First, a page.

Updated: School start delayed for B.C. students: Minister of Education

Students are unlikely to be heading back to school on Sept. 8, despite what was previously announced by the B.C. government.

The Minister of Education, Rob Fleming, said Tuesday afternoon that it's against health guidelines to allow students back into classes after Labour Day, like other years, and an announcement will come in a few days on details of schools reopening.

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The Ministry of Education previously announced that most students would be back in classes after Labour Day but several groups, including the BC Teachers’ Federation and the BC Principals and Vice-Principals Association (BCPVPA), asked for the start to be delayed.

“Previously students would come back into class, usually with their previous year's teachers, and wait a few days for school to be organized for the coming school year,” Fleming said in the legislature. “We can't do that in a pandemic. That would not be in compliance with the BCCDC guidelines.”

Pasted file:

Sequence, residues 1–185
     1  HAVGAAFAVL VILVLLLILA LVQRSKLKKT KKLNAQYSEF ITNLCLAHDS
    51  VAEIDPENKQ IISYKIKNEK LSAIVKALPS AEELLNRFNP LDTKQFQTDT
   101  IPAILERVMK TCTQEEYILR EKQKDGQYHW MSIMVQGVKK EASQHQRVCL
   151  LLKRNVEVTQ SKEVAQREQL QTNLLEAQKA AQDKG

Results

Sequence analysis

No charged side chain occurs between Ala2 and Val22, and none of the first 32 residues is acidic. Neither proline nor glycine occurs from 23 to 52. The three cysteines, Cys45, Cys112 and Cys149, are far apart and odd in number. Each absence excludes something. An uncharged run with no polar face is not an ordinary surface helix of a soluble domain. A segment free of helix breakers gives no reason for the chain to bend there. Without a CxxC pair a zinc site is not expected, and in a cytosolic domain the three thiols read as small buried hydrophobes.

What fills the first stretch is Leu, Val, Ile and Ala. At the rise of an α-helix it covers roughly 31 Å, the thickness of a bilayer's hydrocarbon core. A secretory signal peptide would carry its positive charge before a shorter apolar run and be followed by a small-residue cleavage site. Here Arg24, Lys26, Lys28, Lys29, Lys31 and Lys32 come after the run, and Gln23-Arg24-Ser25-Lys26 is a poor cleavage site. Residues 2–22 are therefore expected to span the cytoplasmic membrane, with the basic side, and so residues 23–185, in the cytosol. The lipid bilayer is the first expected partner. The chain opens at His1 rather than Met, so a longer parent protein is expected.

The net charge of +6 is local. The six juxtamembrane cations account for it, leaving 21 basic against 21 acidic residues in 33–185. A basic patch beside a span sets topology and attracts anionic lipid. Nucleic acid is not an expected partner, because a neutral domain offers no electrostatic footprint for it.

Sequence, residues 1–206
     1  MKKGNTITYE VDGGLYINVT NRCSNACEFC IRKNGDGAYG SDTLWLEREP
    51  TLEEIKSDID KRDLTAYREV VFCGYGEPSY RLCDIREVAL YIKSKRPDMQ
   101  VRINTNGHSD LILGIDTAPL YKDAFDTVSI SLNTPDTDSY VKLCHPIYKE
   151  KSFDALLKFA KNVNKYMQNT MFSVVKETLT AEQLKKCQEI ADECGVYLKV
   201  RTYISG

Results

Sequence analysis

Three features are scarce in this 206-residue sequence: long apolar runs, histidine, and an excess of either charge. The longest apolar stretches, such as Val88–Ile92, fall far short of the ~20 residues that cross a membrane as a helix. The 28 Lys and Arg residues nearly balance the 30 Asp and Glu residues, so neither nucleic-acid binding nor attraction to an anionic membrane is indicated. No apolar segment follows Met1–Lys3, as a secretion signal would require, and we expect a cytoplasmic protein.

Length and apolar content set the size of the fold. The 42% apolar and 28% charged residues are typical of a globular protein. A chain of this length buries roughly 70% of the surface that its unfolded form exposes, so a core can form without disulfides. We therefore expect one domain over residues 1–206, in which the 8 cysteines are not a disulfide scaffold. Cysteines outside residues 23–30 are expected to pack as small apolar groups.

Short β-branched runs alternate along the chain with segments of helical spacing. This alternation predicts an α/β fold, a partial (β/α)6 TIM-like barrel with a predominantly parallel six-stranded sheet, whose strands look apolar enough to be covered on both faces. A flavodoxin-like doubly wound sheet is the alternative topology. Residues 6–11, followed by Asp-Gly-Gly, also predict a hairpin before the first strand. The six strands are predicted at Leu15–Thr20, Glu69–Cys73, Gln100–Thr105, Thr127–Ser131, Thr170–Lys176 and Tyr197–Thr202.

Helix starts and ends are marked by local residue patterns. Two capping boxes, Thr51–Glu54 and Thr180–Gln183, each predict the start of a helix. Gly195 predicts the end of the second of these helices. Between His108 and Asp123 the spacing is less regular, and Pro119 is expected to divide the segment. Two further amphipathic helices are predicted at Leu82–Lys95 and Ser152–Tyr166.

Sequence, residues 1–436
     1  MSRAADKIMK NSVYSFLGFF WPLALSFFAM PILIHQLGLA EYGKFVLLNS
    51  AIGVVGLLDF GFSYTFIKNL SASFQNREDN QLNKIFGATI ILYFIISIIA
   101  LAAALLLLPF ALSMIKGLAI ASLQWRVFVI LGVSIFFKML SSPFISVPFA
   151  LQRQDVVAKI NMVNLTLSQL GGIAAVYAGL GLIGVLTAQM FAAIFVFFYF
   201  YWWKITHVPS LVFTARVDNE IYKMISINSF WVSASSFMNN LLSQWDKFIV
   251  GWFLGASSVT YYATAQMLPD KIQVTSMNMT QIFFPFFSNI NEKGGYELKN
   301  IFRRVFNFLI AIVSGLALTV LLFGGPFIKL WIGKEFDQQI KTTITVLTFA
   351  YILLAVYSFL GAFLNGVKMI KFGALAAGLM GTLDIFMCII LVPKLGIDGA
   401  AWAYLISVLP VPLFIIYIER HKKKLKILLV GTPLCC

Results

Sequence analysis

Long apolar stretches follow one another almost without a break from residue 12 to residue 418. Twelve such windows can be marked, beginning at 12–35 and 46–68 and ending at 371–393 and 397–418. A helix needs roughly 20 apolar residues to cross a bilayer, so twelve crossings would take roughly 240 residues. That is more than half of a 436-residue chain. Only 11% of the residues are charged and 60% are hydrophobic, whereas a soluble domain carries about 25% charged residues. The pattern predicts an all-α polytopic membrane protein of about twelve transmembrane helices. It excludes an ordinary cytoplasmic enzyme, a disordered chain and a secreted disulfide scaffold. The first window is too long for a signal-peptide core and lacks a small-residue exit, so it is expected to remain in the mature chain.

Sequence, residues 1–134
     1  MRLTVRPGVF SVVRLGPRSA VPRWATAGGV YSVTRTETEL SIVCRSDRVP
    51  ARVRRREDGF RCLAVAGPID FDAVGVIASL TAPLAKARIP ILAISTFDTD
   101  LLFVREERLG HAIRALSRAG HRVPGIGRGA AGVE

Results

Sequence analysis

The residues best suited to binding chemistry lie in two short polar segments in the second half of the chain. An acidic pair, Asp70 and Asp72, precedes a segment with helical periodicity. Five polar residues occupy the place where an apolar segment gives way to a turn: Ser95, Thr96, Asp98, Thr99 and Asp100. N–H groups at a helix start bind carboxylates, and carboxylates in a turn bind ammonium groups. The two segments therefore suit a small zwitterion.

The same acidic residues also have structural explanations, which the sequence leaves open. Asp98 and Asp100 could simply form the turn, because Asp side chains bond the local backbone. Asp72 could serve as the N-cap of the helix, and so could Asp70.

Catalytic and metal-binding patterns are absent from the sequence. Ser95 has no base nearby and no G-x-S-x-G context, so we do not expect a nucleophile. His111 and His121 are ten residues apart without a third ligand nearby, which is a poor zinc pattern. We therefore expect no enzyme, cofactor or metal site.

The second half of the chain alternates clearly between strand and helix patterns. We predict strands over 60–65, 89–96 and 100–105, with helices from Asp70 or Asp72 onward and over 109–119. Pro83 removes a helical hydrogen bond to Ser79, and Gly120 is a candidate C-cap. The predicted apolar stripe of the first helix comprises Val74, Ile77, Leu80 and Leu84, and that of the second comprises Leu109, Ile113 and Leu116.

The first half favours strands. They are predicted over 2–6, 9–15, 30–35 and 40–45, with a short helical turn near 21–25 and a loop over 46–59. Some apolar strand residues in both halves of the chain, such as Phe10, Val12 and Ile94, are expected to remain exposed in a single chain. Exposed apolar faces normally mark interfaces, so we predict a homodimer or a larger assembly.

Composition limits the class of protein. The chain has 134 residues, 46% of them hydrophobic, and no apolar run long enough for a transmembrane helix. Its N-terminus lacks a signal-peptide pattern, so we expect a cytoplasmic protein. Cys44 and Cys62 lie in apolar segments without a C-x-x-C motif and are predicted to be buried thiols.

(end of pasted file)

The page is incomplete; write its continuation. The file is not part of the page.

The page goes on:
Darren Danyluk, president of the BCPVPA, told the Richmond News if students and staff all arrive on Sept. 8, they won’t necessarily have been briefed in COVID-19-related safety protocols.

He added it could prove to be “very challenging” if there is no time before Sept. 8 to plan how to restart school during a pandemic.

“If we don’t get together as a team beforehand, how do (teachers) know their tasks, their roles,” Danyluk said.

The Richmond District Parents Association (RDPA) president Dionne McFie said they’ve heard many families are concerned about sending their kids back on Sept. 8. in groups of 60 or 120 and many have said they’d like to see a hybrid model for learning as an option.

“From what I’ve heard, there’s not a lot of support for going back,” McFie told the News on Monday before the minister’s announcement.

Fleming said the announcement coming in a few days will outline what Sept. 8 will be like for support staff, administration and teachers to make sure students are “organized into the classes where they will be with their peers in a unit that is designed to limit the student interactions.”

“If that takes some extra time and builds additional confidence and fulfils the guidelines that have been developed by Dr. Bonnie Henry and her team, that's what we're going to do in the province of British Columbia,” he added.

 

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